New York City is ‘$9 billion in the hole’ because of coronavirus says Mayor de Blasio
New York City now faces a $9 billion budget deficit in the city’s $ 89.3 billion financial plan due to the novel coronavirus pandemic Mayor Bill de Blasio announced on Wednesday.
“We have to come to grips with the fact that on top of the healthcare crisis, on top of the economic crisis, we are now in a crisis here in the city,” said de Blasio. “Our fiscal situation has gotten worse… but it’s not shocking to me.”
“There is literally no way that we can solve this problem without federal help or without making very, very painful choices that will affect the quality of life in this city,” said de Blasio.
The mayor projected $ 7.4 billion in lost revenue because of the pandemic that the economic toll would last beyond the next fiscal year. In April, de Blasio’s preliminary 2021 city budget was $6 million less than what he proposed in January and included $ 2 billion in spending cuts to education, parks, healthcare, social services, law enforcement, transportation and housing.
With no help from the senate or the federal government insight and with the deadline to pass a 2021 fiscal year budget quickly approaching, the city called on Albany for a “safety net” and to provide borrowing authority. On Monday, state Senator Liz Krueger, chair of the state senate’s finance committee, introduced a bill that would allow the city to borrow up to $7 billion by authorizing the Transitional Finance Authority to issue debt to make up for potential losses in 2021.
“It’s not something we want to use or intend to use in the first instance, but it’s something we need as a last resort,” said de Blasio, citing former mayor Micheal Bloomberg’s borrowing request to Albany in the aftermath of 9/11 as precedent. De Blasio also used the New York state legislature’s approval of debt up to $ 11 billion another example.
“There was no debate, there was no fanfare, it was obviously the right thing to do,” said de Blasio. “This city has been smart with its stewardship of our resources, smart in the way we serve our people and grow our economy and we need to keep doing that.”
On Tuesday, when the mayor first mentioned plans to try to increase the city’s borrowing power, Governor Andrew Cuomo opposed the idea calling borrowing for operating expenses “fiscally questionable.”
‘Bodybag’ protest at City Hall calls for end to overcrowded homeless shelters
By Todd Maisel
Protestors laid out mock “bodybags” at the gates of City Hall Wednesday morning to dramatize the plight of the homeless crowded into shelters during the COVID-19 pandemic.
The bags represented the estimated 80 homeless deaths that demonstrators claim were caused by the shelter system. They demanded that the city pay for 30,000 hotel rooms and end “NYPD/Department of Homeless Services sweeps that remove people from more undesirable locations including trains, storefronts and highways underpasses.”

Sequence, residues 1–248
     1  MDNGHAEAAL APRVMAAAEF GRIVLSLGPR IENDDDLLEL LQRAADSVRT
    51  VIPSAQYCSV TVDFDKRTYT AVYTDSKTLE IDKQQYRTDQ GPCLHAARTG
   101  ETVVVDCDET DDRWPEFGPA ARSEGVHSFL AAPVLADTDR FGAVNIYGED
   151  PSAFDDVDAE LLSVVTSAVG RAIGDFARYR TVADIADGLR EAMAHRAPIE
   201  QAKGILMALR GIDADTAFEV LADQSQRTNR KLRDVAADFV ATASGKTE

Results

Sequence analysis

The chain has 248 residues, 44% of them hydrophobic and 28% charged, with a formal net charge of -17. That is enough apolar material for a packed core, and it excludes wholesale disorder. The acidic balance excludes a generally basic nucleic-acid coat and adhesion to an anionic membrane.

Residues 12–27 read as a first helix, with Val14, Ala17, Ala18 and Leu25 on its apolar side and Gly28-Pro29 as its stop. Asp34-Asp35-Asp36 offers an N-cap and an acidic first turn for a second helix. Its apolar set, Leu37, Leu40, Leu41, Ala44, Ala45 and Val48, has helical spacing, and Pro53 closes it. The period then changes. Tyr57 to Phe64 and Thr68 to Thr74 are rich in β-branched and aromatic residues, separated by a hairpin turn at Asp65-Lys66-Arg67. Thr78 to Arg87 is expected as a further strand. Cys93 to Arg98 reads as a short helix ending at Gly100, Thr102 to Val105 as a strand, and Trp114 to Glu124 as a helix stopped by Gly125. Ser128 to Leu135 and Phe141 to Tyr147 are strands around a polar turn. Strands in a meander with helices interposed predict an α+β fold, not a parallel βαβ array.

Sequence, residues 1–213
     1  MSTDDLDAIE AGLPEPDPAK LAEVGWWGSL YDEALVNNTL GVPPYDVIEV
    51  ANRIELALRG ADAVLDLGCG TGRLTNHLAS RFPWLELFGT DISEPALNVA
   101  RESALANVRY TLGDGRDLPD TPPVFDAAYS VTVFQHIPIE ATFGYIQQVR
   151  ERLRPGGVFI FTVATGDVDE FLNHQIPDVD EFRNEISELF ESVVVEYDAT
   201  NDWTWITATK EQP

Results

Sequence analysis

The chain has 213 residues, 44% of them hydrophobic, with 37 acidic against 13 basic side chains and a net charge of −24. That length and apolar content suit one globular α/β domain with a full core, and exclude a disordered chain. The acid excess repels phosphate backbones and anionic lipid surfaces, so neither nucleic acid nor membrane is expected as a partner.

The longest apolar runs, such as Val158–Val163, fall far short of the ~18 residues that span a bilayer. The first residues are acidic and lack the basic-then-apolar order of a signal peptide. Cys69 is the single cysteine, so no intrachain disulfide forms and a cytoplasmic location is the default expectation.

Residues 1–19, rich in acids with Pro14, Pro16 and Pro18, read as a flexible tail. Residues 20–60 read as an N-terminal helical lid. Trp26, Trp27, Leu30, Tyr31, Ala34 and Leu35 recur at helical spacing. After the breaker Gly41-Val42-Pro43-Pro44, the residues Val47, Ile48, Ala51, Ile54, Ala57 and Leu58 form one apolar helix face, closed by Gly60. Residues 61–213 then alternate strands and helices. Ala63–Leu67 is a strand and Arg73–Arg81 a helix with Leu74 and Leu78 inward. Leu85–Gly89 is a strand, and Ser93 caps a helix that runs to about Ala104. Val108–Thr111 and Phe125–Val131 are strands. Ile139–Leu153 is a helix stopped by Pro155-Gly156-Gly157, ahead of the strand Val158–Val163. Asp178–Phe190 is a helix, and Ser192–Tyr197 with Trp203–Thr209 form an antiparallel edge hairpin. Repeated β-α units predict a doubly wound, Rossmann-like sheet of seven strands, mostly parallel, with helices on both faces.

VOCAL-NY, an organization advocating for low-income New Yorkers, put the protest together. About 30 protestors, most of whom socially distanced, lined up along the gates of City Hall, shouting slogans and called for the mayor to do more to house homeless people in better conditions.
Privately, they hoped to block the entrance to stop his vehicle motorcade into the City Hall gates to dramatize their plight and get his attention.
The mayor however entered through the Broadway gate, undeterred by the protest.
Police stood at the ready, but did not intervene in the peaceful protest. Instead, they advised demonstrators to wear masks and to properly social distance to avoid spreading COVID-19.
“We are asking the mayor to please open up those hotel rooms that are not being used because the city is shut down,” said Roberto Monguel, a homeless man and an advocate. “In my shelter, we had six cases of COVID-19 alone and that’s not right. You would ask the staff about confirmed cases and they would nod in your face. It is not right for de Blasio to play dominos with people’s lives. At shelters, there is barely 36 inches between each bed. It is a war zone of contamination.”
Homeless advocates criticized the city’s removal of homeless from MTA trains at night, claiming the conditions they offer “are not safe.”
Gwendolyn Becker, a homeless advocate, said the city is taking people off the street, but putting them into unsafe conditions.
“The city is taking them off the streets and making them worse off than when they are in the shelters,” Becker said. “And what’s going on with the hospitals – when you go to the emergency room people are dying, then they go to the funeral home and nobody knows who anyone is. They are locking people up and putting them in jail just because they are homeless.”
Lou Lamoriello: Islanders will have Adam Pelech available for playoffs, Belmont construction resumes
Stories by Joe Pantorno